Weekly News Roundup – February 3, 2012

from Wildlife Promise

Want to know what National Wildlife Federation was up to this week? Here is a recap of the week’s NWF news:

Obama Administration Hits the Accelerator for Responsible Offshore Wind Development

February 2 – The Bureau of Ocean Energy Management (BOEM), the agency responsible for permitting offshore wind energy, has hit the accelerator in the pursuit of this massive, domestic clean energy source.

In releasing the Final Environmental Assessment for commercial wind leasing and site assessment activities on the Mid-Atlantic Outer Continental Shelf, BOEM has effectively cut at least two years off the permitting process for offshore wind off the coasts of Delaware, Maryland, New Jersey and Virginia. Once an auction process is completed, it is expected that numerous leases will be issued in 2012, allowing critical data to be collected for the development of construction and operations plans for offshore wind projects in these areas.

Tribes Prepare for Homecoming of Wild Bison from Yellowstone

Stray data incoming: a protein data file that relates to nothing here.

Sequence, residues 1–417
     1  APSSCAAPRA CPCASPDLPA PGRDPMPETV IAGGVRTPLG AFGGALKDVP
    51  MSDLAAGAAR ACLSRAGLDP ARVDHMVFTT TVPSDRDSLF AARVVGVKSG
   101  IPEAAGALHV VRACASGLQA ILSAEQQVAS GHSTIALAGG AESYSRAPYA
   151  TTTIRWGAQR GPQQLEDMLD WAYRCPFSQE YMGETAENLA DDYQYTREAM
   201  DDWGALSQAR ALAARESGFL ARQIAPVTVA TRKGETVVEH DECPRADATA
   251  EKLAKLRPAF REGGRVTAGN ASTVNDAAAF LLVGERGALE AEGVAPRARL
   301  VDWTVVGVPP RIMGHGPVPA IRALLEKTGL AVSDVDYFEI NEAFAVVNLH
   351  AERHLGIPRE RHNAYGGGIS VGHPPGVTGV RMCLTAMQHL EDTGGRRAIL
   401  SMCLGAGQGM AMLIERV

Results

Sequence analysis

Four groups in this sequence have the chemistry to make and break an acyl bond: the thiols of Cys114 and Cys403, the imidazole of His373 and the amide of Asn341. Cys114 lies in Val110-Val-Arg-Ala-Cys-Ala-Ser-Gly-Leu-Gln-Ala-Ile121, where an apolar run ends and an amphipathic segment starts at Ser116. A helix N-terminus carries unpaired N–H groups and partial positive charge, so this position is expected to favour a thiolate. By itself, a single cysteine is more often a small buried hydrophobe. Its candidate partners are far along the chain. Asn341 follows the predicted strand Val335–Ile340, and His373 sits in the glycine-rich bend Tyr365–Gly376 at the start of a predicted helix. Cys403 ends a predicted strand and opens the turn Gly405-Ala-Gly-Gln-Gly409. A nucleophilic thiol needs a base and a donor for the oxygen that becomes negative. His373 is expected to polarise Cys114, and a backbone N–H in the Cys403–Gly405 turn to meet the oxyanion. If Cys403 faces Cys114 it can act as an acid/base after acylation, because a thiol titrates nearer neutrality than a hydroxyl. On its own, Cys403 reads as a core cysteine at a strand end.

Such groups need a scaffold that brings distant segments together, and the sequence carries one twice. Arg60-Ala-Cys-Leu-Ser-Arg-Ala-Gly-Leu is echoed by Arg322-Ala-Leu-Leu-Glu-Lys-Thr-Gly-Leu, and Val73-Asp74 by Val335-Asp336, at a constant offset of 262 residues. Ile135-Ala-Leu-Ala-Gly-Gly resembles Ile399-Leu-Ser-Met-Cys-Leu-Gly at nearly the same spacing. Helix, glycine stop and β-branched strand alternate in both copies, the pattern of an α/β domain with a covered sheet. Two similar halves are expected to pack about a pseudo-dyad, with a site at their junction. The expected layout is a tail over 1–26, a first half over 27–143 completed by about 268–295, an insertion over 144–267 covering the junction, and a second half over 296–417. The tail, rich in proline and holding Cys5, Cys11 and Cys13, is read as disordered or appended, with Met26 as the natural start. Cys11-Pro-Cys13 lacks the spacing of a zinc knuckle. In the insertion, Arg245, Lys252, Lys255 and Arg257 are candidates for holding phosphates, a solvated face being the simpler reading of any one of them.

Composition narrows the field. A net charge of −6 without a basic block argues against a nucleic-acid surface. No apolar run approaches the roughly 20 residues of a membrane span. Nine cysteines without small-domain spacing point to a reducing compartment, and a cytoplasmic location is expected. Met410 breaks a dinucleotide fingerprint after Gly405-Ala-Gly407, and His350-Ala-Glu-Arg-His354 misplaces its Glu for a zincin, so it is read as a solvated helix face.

January 31 – People on the Fort Peck Reservation in northeast Montana are preparing a big welcome-home ceremony for a fellow Plains native whose absence for more than a century has left voids in the ecosystem and cultures it helped shape.

Nearly 70 wild bison from Yellowstone National Park, part of the country’s last, free-ranging herd, will be released onto the reservation, home to the Assiniboine and Sioux tribes. The release, expected some time in March, will mark the return of the last genetically pure bison to the plains and the reunion of animals and people once seen as inseparable.

Great Lakes–Mississippi River Separation is Possible, Practical and Preventive

January 31 – A much-anticipated study says separating the Great Lakes and Mississippi River basins to prevent the spread of Asian carp and other invasive species is not only possible, but a natural step toward much-needed action to improve Chicago’s water infrastructure.

Great Lakes environmental groups reacting to the study, released today by the Great Lakes Commission and Great Lakes-St. Lawrence Cities Initiative, commended the authors’ factual analysis concluding that separation is possible and that it must include essential upgrades to sewage, flood control and waterborne transportation while preventing the transfer of invasive species.

And here are highlights from NWF in the News:

For more, visit www.nwf.org/News